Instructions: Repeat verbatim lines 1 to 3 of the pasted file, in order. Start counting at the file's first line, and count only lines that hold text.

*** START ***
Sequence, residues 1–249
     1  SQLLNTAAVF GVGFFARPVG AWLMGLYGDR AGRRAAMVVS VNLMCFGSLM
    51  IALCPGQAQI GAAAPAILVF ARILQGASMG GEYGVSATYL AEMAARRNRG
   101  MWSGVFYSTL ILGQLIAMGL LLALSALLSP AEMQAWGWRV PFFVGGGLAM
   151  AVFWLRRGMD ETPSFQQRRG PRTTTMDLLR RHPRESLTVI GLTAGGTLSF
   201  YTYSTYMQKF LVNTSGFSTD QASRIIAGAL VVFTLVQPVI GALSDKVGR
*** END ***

Sequence, residues 1–249
     1  SQLLNTAAVF GVGFFARPVG AWLMGLYGDR AGRRAAMVVS VNLMCFGSLM
    51  IALCPGQAQI GAAAPAILVF ARILQGASMG GEYGVSATYL AEMAARRNRG